(Photo of Homepolish offices courtesy of Business of Home)
If you follow any business or design news, you’ve probably read about Homepolish, the digital interior design startup that promised to match clients with interior designers at an affordable rate.
Homepolish raised over $20 million in capital shortly after launching in 2012, with investors excited about its potential to conveniently coordinate interior design services for clients who might not have otherwise considered it.
The concept seemed like a win-win for both new designers, eager to secure their first clients, and average office and home-dwellers, unsure of how to navigate finding professional interior designers.
However, the company began spiralling downward last summer, when they vacated their posh office space in the Financial District and put over half of their employees on unpaid leave. CEO Noa Santos scrambled to secure more funding while the remainder of a 2017 bank loan dwindled.
Now, Homepolish cannot pay their designers for work completed, leaving many clients abandoned mid-project.
On the Tinder for interiors, both designers and clients were catfished. Here are our biggest takeaways from Homepolish’s fall:
1. Portfolio over profile
Instagram is not real life.
We hear this phrase a lot, but nowhere is it more exemplified than Homepolish’s social media. Their Instagram boasts almost two million followers and is full of modern designs that look like they came straight from a magazine: some of their photos, in fact, did!.
That’s why it’s crucial that those searching for the perfect interior designer ask to see a website and previous work instead of an Instagram page. While social media can be a helpful tool to communicate with designers and find inspiration, it never tells the full story.
Like Homepolish, many interior designers post photos from other profiles and publications, often without giving proper citation. This can be misleading to potential clients who believe that what they see on social media is what they can expect from the interior designer.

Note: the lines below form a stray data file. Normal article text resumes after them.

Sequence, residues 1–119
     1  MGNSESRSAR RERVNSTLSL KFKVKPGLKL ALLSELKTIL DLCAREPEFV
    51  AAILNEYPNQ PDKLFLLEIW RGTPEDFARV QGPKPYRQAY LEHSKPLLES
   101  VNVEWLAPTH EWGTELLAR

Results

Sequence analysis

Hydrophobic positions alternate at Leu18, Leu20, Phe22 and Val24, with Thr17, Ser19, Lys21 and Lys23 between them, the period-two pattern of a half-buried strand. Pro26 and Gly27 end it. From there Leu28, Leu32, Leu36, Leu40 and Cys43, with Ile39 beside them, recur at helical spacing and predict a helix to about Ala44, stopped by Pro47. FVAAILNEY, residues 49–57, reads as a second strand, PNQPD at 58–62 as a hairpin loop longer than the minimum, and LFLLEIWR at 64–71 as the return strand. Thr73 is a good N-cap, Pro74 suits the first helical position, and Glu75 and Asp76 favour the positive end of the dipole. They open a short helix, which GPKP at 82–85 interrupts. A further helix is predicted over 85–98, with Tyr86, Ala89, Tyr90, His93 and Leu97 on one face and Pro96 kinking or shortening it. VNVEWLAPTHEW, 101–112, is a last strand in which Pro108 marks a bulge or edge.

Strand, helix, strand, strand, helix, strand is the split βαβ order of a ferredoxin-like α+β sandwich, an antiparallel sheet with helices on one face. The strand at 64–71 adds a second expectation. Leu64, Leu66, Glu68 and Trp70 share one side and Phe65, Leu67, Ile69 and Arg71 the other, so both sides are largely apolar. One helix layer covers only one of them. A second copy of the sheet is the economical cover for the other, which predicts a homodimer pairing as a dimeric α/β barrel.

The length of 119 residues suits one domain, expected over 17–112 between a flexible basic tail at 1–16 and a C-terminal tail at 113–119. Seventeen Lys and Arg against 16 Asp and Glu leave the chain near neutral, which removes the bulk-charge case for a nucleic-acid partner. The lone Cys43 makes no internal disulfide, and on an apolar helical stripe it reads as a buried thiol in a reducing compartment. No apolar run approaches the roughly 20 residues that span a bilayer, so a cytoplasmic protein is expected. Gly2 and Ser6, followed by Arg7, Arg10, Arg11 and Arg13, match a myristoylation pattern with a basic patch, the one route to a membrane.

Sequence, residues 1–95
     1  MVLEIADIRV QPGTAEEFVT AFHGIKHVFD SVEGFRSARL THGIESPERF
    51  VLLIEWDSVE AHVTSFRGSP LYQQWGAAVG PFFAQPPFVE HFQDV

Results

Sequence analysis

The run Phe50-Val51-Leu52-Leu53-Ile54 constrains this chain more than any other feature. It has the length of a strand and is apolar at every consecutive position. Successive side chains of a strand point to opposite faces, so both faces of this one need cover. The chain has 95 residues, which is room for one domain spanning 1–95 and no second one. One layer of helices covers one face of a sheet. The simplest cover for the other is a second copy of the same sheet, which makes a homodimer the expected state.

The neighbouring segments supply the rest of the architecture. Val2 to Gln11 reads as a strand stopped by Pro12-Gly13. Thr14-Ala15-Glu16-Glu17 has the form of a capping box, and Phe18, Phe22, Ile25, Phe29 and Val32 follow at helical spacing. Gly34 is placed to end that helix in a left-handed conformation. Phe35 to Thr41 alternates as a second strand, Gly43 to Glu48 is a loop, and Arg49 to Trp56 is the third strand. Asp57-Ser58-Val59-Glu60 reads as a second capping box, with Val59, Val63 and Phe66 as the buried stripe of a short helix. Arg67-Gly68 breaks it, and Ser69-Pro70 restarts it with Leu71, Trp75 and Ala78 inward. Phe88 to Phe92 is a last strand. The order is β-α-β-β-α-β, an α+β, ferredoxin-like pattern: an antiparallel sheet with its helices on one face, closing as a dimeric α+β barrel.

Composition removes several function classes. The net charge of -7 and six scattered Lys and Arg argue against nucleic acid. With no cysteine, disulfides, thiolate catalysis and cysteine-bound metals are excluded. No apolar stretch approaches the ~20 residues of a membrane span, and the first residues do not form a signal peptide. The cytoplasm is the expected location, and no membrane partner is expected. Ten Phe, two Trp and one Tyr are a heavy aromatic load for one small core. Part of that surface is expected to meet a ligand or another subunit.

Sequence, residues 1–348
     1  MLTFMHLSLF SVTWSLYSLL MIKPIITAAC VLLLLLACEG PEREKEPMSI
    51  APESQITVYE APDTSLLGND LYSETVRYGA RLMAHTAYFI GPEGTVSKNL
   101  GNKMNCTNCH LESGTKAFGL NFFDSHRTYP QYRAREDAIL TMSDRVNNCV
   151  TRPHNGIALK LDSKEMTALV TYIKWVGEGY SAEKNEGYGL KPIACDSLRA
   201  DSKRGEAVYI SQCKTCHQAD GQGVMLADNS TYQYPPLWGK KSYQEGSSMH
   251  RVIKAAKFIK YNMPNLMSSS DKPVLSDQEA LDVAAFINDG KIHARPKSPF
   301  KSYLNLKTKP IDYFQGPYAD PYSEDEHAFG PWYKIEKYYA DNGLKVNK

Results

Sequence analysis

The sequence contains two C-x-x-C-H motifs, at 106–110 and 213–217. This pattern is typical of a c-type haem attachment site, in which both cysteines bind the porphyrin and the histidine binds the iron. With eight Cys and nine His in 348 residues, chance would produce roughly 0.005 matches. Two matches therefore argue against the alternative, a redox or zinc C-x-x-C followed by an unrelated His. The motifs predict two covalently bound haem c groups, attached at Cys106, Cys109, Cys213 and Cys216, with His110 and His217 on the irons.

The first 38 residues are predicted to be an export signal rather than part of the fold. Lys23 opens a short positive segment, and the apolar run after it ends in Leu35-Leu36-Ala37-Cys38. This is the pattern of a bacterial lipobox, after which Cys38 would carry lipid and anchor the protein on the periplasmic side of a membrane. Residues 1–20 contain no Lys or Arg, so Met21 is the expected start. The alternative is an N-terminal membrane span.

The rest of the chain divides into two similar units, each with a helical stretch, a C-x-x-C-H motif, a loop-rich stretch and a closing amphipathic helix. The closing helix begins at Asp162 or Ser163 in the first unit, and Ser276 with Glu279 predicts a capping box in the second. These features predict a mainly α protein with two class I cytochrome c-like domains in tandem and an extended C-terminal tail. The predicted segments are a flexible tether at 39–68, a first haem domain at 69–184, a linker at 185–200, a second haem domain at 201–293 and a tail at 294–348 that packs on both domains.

The takeaway? Do your homework by checking portfolios and reviews, and don’t let a fake Instagram sell you a real contract.
2. Align your aesthetic
Homepolish was founded by business people, not interior designers, whose focus never shifted from their bottom line.
While “quantity over quality” may be the law in finance, it falls flat in the highly personal practice of interior design.
Many of Homepolish’s young designers were inexperienced, yet no one from the company supported them or checked their work. They didn’t know how to oversee contractors for quality work or distinguish quality furniture, thus wasting a lot of time and expensive materials.
When faced with Homepolish’s collapse, many of them were challenged with either staying on their projects unpaid or abandoning them uncompleted.
Today’s clients should ensure that their interior designer has a diverse portfolio that showcases multiple aesthetics and aligns with their goals for the space, whether big or small.
This is where mood boards (often created through Pinterest) enter as a great visual communication tool for clients and designers. A good interior designer will know how to “read” a client’s mood board and translate it into a tangible design.
3. Opt for exclusivity
Finally, Homepolish’s quick growth made it impossible for the team to offer clients the personal attention and customer service they paid for.
As with many large firms, Homepolish profited from undisclosed sales commissions and assigned sub-par contractors and suppliers to many projects.
That’s why those on the market for interior design services should consider choosing an independent interior designer who can offer the same full-service interior design work as large firms, but with the flexibility, availability, and personal attention of a boutique company.